The idea of investing freaks me out.
So why did I decide to start self-managing my investment portfolio and why should you become your own portfolio manager?
In my day job, I have literally managed billions in capital for large companies. I have acquired businesses spending millions of dollars in the process. I have been responsible for business units employing hundreds of employees.
But in those roles, I never felt the same magnitude of pressure as I feel when it comes to managing my own personal finances.
I have worked very hard for many years scraping together my savings. And then to just dump that money into the stock market and hope for the best. It goes against everything I believe. That is, invest in what you know and invest in what you can control.
I have bought stock in the companies I worked for. I knew what they were all about. I knew where they were strong and where they were weak. I knew the management team. I knew the competition. It didn’t seem like investing to me because I was comfortable.
I have invested in my company 401K plans. This was also comfortable. The money came out of my paycheck without my having to do anything. I never saw that money. It’s essentially as if the money didn’t exist – at least for spending purposes. And right or wrong, I had comfort in knowing that the owners and executives of the company were investing in the same place. As I’ve gotten older and moved up the company ladder, I now realize that I may have been a little naïve about that last assumption. But that will wait for another day.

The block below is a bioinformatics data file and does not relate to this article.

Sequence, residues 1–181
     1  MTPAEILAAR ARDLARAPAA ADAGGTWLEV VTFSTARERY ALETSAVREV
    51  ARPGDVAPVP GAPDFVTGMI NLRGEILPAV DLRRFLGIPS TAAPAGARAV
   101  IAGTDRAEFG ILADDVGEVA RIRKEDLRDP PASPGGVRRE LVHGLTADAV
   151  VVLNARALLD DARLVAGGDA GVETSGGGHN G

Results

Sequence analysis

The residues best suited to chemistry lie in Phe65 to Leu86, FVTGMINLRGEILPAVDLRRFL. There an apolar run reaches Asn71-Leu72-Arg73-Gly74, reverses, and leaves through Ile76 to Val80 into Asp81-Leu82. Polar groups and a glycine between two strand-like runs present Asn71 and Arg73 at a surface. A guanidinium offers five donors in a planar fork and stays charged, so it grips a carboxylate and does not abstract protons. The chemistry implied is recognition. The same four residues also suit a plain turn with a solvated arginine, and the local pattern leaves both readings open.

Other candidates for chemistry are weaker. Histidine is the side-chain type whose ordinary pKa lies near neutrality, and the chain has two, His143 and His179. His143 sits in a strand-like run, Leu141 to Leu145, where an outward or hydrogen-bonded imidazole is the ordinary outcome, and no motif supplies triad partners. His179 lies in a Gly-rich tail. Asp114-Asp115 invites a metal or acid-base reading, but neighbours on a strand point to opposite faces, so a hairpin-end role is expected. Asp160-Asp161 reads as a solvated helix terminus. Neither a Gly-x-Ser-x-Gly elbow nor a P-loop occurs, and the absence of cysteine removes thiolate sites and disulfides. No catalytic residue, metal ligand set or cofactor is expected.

Then I changed jobs. And changed again. Ms. Financial Slacker changed jobs. And then she changed again. Suddenly, our investments became more complicated. We had 401Ks at multiple companies. We had after-tax brokerage accounts.
Then we had kids and started 529s. More complications.
Do You Know Enough to Become Your Own Portfolio Manager?
What to do?
I am a finance person. I have an MBA in Finance. I have a CFA. Ms. Financial Slacker is a finance person. We deal in multi-million dollar deals all day. Surely, we could handle our own personal finances.
But it’s different when it’s your own money. If you screw up at work, you get fired. Hopefully, you can find another job. If you screw up your own money, you have wasted years and years of saving. And now you will never be able to retire. The fear of loss is so much greater than the desire for success.
I hate to lose more than I love to win.”
– Jimmy Connors
This is an especially true sentiment for us perfectionists (a polite way to describe us procrastinators).
Investing is complicated. At least that’s what we’re led to believe. What’s our goal? Is it capital appreciation or income? Are we growth investors or value investors? What’s the best allocation?
If I had to label my investing style, I would say I am a value investor with a goal of capital appreciation. I consider P/E and dividend yield (value components) as well as long-term earnings growth (a growth component).
Anecdotally, this seems like a reasonable approach. Quantitatively, in the long run, value has outperformed both growth and the stock market as a whole. From its 1979 inception through 6/30/15, the Russell 1000 Value Index outperformed the market – in this case, the Russell 1000 Index – by 0.4% per year, and outperformed the Russell 1000 Growth index by 1.2% per year.
But just because I have a preferred investing style (which by the way, I am changing in my thinking from a capital appreciation goal to an investment income goal), doesn’t mean I am comfortable risking my hard-earned savings.
To Become Your Own Portfolio Manager You Need to Get Comfortable Investing Your Own Money
Years ago, after I had been working for a while, Ms. Financial Slacker and I decided we needed to get serious about our financial future and hire an investment advisor. Our advisor was actually a family member which again felt more comfortable than just throwing darts and picking someone at random.